By Tom Still

Inside-WIMADISON, Wis. – Near the start of a Jan. 23 presentation by the director of Wisconsin’s signature cancer research center, I asked those attending how many had family members who had been touched by the disease over time.

Nearly every hand in the room went up.

That speaks to the insidious nature of a disease that in some ways remains a mystery to researchers such as those who work at the UW-Madison’s Carbone Cancer Center. It also illustrates the need for continued progress in finding better approaches to prevention, diagnosis and therapy surrounding one of mankind’s oldest scourges.

The Carbone Center, which is attached to the School of Medicine and Public Health, is one of the six original comprehensive cancer centers in the United States. Established in 1973 after the passage of the National Cancer Act of 1971, the center grew out from what was already a rich tradition of cancer research in Wisconsin that continues to this day.

Watertown native Mary Woodward Lasker, who received top presidential and congressional awards over time; Merrill native Dr. Harold Rusch, a pioneer researcher at UW-Madison; Nobel Prize winner Howard Temin; skin cancer expert Dr. Fred Mohs; and Dr. Paul Carbone, whose research led to advances in the treatment of Hodgkin’s disease and chemotherapy, are part of that tradition.

The latest in a short chain of directors at the Carbone Cancer Center is Dr. Howard Bailey, a nationally known oncologist who has led its work since 2013. Those efforts include research but extend to working with patients and community outreach, which he described during the Tech Council Innovation luncheon.

Bailey said advanced imaging, nuclear medicine, micro-fluidic biopsies and immunotherapies are among promising areas of cancer research in Wisconsin.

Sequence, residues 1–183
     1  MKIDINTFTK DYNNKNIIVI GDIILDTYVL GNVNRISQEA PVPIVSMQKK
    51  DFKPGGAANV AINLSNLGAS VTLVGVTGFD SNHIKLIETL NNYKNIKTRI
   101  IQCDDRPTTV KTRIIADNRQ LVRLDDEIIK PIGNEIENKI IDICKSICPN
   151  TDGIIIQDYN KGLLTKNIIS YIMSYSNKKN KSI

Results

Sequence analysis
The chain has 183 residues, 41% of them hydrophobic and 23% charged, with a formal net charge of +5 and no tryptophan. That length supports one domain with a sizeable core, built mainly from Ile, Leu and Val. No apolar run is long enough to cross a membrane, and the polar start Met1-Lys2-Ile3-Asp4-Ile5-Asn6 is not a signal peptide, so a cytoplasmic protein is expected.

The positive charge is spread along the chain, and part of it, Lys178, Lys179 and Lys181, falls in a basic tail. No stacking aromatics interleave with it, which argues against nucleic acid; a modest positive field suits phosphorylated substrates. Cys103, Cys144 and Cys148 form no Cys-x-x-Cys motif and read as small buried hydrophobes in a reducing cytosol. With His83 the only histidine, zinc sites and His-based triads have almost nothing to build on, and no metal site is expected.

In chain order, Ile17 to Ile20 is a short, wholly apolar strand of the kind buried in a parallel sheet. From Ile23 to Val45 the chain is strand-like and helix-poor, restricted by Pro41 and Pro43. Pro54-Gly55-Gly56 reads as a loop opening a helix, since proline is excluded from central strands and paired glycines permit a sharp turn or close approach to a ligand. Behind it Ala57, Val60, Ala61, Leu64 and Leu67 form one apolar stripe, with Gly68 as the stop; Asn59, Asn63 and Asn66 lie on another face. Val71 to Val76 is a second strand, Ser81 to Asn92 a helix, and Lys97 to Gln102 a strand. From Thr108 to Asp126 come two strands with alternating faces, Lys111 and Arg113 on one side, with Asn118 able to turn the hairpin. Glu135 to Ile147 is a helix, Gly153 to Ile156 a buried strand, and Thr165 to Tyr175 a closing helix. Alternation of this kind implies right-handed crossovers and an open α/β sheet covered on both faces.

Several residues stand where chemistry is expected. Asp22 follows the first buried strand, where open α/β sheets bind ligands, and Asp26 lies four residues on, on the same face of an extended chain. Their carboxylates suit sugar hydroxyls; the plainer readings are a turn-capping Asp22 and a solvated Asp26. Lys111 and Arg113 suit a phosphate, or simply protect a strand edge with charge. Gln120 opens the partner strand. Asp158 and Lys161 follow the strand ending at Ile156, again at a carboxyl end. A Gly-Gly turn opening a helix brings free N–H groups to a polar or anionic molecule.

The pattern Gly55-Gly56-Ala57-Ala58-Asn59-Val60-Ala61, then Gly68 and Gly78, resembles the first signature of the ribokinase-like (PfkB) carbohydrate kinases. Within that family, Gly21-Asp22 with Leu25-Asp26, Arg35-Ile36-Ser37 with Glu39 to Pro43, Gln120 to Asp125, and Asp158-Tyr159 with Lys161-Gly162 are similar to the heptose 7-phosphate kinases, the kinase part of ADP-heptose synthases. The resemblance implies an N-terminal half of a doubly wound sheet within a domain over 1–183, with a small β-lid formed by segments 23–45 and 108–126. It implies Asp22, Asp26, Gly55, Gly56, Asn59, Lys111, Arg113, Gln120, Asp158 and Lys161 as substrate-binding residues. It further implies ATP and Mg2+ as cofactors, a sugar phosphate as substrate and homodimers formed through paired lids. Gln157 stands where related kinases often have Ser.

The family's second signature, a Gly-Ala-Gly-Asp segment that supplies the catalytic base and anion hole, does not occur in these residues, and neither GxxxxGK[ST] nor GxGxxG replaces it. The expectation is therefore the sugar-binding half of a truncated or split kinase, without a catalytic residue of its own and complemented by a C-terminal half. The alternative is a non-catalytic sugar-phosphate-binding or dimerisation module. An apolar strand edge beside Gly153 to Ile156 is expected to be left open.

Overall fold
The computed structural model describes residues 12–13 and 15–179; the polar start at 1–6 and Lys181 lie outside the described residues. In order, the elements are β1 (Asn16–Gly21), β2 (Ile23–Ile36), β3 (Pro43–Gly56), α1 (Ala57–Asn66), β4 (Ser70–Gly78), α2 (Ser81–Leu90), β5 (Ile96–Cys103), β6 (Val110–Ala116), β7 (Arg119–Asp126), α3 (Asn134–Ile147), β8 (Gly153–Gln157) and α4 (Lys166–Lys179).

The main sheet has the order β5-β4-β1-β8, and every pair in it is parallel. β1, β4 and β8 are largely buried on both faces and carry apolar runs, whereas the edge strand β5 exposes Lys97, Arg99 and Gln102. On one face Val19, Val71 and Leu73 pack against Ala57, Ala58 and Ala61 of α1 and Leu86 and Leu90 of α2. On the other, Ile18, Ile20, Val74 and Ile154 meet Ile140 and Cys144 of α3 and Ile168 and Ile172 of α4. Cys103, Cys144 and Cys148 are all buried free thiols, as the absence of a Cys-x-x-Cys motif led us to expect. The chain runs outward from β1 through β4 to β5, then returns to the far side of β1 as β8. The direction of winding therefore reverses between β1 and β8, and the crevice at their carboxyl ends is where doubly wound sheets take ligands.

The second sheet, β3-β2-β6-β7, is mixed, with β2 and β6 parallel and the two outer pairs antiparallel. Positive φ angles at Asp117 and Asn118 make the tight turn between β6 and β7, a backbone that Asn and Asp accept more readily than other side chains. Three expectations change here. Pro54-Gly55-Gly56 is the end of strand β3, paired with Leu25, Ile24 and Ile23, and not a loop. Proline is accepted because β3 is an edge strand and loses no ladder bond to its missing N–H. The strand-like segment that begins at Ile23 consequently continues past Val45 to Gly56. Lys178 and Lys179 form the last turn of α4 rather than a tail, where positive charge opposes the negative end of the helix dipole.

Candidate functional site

“What has happened in the last 10 to 15 years, with the discovery of more aspects of immunology, is we are literally curing people now that 10 years ago we did not,” he told the crowd. “So, there’s great growth in that, and how we can apply that to all things.”

Carbone Center researchers are also studying prostate cancer, multiple myeloma, breast cancer, leukemia, and head and neck cancers, among other forms of the disease. The center is typically engaged in 20 to 30 different studies at any given time, Bailey said.

How people develop cancers and the treatments they need can be very different, even with the same type of cancer. Personalized medicine is a way to respond to that reality, both in diagnostics and treatment. That’s one reason why “liquid biopsies” – separating tumor cells from a blood draw – can be so important. Reducing the need for more painful, invasive procedures is another.

The use of medical radioisotopes is expanding; so are better imaging technologies to pinpoint and treat cancers by killing the tumorous cells and sparing the healthy cells. There are Wisconsin companies engaged in both.

Preventing cancer remains a major goal. The Carbone Center works with other leading institutions such as the Mayo Clinic and Johns Hopkins University on prevention studies and techniques. Outreach throughout Wisconsin is a part of that effort, as well.

The Carbone Center provides cancer care to about 33,000 people per year through its prevention work, diagnosis, treatment and survivorship care. Bailey said it’s due to researchers and others aspiring to do more than work in the lab.

“When I first started, oftentimes researchers just wanted to do their thing in the lab — which is wonderful — and that was it,” Bailey said. “But nowadays, the new generation even of very basic researchers, they want to know how are you going to get my knowledge, my creativity to people … How are we changing people’s lives?”

He added the “vast majority” of the clinical trials at the center are conducted in partnership with pharmaceutical companies and startup businesses. “That’s the fastest way to make a difference,” Bailey said.

With so many types of cancers and so many people afflicted, that kind of dedication is more than welcome.

Still is president of the Wisconsin Technology Council. He can be reached at